Ethiopia's war on its own—A Commentary by Ronan Farrow ’09
Ethiopia's war on its own
By Ronan Farrow ’09
DADAAB, KENYA -- The bullet tore through Ibrahim Hamad's torso and lodged in his hip. The 26-year-old teacher was at home with his elderly father when government forces swept through his town in the Ogaden region of Ethiopia, burning huts and killing civilians. "The young girls were the first to die. The soldiers shot them and gathered the bodies and burned them," he said. The troops demanded that surviving men join their ranks, threatening those who refused with torture, imprisonment and death.
"When they came to my home, I told them, 'I am just a schoolteacher, I will not leave my family,' " said Hamad. In a bleak whisper, he recounted the ordeal that followed. "They strangled my father with a wire and hung his body in a tree. Then they shot me and left me for dead."
Hamad now struggles to survive in this remote refugee camp in northern Kenya, joining thousands who have fled a reign of terror by the Ethiopian army. Little noticed by the world, Ethiopia is waging war against its own people in the Ogaden desert. Long-simmering tensions erupted last April when separatist rebels attacked a Chinese-run oil field. The Ethiopian government responded by ejecting humanitarian agencies and launching a scorched-earth campaign in the region. The targeting of the predominantly ethnic-Somali Ogaden population has led to accusations of ethnic cleansing.
In October, Human Rights Watch warned that events in Ogaden were following a "frighteningly familiar pattern" to those in Sudan's Darfur region, noting "ethnic overtones" to attacks and accusing Ethiopia of "displac[ing] large populations" and "deliberately attack[ing] civilians." Government forces have been implicated in escalating looting, burnings and atrocities. Recently, soldiers have begun a brutal campaign of forced conscription, often torturing or killing those who refuse to join.
The Ethiopian government has suppressed most news from the region, sealing Ogaden's borders and denying access to the media. Last May, three New York Times reporters researching the crisis were held for five days and had their equipment confiscated. Ethiopian officials have been quick to dismiss mounting reports of bloodshed as propaganda. But in this camp, refugees fleeing Ogaden tell stories of rape, torture and mass murder perpetrated against civilian villages by Ethiopia's military.
However, it is the U.S. government, not Ethiopia's, that elicits the most anger from Hamad and the other Ogadenis seeking shelter in Dadaab. The bullet that shattered Hamad's hip, and the gun that fired it, were likely supplied by the United States. The soldier who pulled the trigger was almost certainly compensated with U.S. military aid.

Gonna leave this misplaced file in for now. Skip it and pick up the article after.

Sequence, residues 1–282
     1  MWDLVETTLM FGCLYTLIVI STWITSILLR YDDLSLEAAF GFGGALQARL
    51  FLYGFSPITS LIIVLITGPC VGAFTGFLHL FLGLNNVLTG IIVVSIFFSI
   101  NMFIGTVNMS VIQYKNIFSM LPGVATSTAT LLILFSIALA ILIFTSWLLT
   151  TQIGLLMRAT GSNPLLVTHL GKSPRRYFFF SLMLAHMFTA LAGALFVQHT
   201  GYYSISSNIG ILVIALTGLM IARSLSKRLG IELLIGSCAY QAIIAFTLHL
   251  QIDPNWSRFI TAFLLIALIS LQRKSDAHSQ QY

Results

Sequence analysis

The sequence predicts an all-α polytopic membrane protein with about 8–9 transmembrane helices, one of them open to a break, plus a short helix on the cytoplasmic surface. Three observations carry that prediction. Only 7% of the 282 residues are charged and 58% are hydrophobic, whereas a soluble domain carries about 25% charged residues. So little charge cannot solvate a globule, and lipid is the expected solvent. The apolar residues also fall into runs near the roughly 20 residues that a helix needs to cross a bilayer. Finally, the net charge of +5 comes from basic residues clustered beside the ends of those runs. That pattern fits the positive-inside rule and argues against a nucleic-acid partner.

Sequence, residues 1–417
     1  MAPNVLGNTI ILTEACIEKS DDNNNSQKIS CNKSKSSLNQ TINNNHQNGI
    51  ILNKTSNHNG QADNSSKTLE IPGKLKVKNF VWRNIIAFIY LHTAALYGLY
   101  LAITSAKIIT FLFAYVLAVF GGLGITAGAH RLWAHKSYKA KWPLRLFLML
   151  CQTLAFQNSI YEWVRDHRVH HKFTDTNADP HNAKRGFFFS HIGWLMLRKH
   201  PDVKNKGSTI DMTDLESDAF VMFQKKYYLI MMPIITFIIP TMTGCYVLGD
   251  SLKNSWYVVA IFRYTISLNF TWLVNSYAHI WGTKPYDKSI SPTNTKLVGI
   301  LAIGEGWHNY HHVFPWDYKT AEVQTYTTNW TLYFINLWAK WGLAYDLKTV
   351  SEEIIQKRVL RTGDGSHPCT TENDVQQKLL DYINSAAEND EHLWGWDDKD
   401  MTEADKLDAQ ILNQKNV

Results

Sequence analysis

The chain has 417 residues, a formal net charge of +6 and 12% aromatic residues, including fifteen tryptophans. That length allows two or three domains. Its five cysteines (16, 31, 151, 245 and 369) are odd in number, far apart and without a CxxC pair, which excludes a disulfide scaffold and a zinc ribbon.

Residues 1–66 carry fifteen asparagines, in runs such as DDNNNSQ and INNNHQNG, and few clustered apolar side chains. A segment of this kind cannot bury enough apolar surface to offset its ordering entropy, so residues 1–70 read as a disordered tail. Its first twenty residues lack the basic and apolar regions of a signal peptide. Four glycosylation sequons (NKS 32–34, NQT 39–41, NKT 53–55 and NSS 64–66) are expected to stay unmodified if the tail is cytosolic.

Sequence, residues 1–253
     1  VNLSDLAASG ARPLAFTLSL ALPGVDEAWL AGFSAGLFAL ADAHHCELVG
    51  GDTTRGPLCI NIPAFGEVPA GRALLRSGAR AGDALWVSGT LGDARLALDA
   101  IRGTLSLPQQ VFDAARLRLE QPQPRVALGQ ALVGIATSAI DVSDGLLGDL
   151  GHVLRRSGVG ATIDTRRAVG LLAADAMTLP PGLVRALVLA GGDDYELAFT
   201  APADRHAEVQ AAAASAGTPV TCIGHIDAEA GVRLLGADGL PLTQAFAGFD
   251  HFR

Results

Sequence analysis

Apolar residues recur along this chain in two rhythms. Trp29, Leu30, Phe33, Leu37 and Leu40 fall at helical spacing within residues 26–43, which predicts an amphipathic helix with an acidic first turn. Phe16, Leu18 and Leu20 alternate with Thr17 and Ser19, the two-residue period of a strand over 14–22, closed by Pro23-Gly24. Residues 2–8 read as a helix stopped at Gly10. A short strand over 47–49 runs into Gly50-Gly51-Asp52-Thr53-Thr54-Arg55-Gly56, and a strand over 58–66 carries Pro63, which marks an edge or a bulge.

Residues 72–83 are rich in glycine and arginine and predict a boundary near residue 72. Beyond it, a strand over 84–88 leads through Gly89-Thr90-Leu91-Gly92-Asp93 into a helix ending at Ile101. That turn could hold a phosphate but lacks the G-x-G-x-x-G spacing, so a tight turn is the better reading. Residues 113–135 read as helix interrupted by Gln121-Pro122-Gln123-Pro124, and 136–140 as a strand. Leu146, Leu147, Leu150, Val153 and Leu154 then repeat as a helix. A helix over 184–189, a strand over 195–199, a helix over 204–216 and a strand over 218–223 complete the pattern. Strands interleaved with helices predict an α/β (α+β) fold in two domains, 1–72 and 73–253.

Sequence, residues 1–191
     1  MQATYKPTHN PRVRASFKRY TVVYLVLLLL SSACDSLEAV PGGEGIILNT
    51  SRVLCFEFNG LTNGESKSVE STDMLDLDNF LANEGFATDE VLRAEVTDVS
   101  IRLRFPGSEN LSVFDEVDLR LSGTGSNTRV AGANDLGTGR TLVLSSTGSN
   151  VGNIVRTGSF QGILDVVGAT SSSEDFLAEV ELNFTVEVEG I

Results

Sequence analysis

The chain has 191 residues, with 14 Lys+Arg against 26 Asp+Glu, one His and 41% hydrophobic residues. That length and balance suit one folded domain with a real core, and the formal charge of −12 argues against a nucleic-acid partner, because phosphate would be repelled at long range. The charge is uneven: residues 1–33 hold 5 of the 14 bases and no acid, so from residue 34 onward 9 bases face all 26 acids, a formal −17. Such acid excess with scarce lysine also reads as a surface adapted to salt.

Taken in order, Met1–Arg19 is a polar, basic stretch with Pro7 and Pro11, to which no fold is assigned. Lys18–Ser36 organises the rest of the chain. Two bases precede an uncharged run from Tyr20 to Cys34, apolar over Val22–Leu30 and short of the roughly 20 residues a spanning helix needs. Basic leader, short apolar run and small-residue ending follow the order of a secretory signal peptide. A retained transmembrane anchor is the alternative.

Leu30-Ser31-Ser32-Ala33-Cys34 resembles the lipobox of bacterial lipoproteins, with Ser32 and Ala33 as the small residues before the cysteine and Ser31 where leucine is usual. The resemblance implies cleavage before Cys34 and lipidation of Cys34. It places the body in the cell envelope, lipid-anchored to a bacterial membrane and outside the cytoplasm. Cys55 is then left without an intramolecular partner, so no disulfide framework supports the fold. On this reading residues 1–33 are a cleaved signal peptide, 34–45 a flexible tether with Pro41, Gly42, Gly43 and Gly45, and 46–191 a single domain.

The U.S. has historically provided Ethiopian forces with arms, funding and training. In recent years, the bond has deepened, with Ethiopia's military serving as a proxy for American interests in a region increasingly viewed as a crucial front in the war on terrorism. Since 9/11, military aid to Ethiopia has soared, growing at least 2 1/2 times by 2006. A close intelligence-sharing relationship between the governments has burgeoned.
In the face of mounting evidence of atrocities, some U.S. officials are questioning the no-strings-attached backing of Ethiopia's army. "This is a country that is abusing its own people," said Rep. Donald M. Payne (D-N.J.), chairman of the House subcommittee on Africa and Global Health, accusing the Bush administration of "look[ing] the other way" as Ethiopia's abuses worsen. Last fall, the House passed the Ethiopia Democracy and Accountability Act, sponsored by Payne, to limit military aid to Ethiopia. It awaits action by the Senate. "The United States cannot afford to allow cooperation on the war on terror," Payne said, "to prevent us from taking a principled stance on democracy and human rights issues."
Ironically, unbridled support of Ethiopia's army in the interest of combating terrorism may serve as a powerful catalyst for anti-U.S. sentiment. "We hate the U.S.A. more than the Ethiopians," one Ogadeni told me. "It is guns and money from the U.S.A. that are killing our people."
If Washington wants to fight the rising tide of terrorism in the Horn of Africa, it cannot continue to turn a blind eye to the abuses of its closest ally in the region. The U.S. wields unique influence over Ethiopia; how it uses that influence will determine Ogaden's future. Legislators should continue to press the Bush administration to help stop the bloodshed. Current levels of U.S. aid should be made contingent on Ethiopia halting its attacks on civilians. That might sacrifice some goodwill with Ethiopian officials -- but it could save the people of the Ogaden.
Ronan Farrow, a student at Yale Law School, has worked on human rights issues for the House Foreign Affairs Committee and recently accompanied a congressional delegation to the Horn of Africa.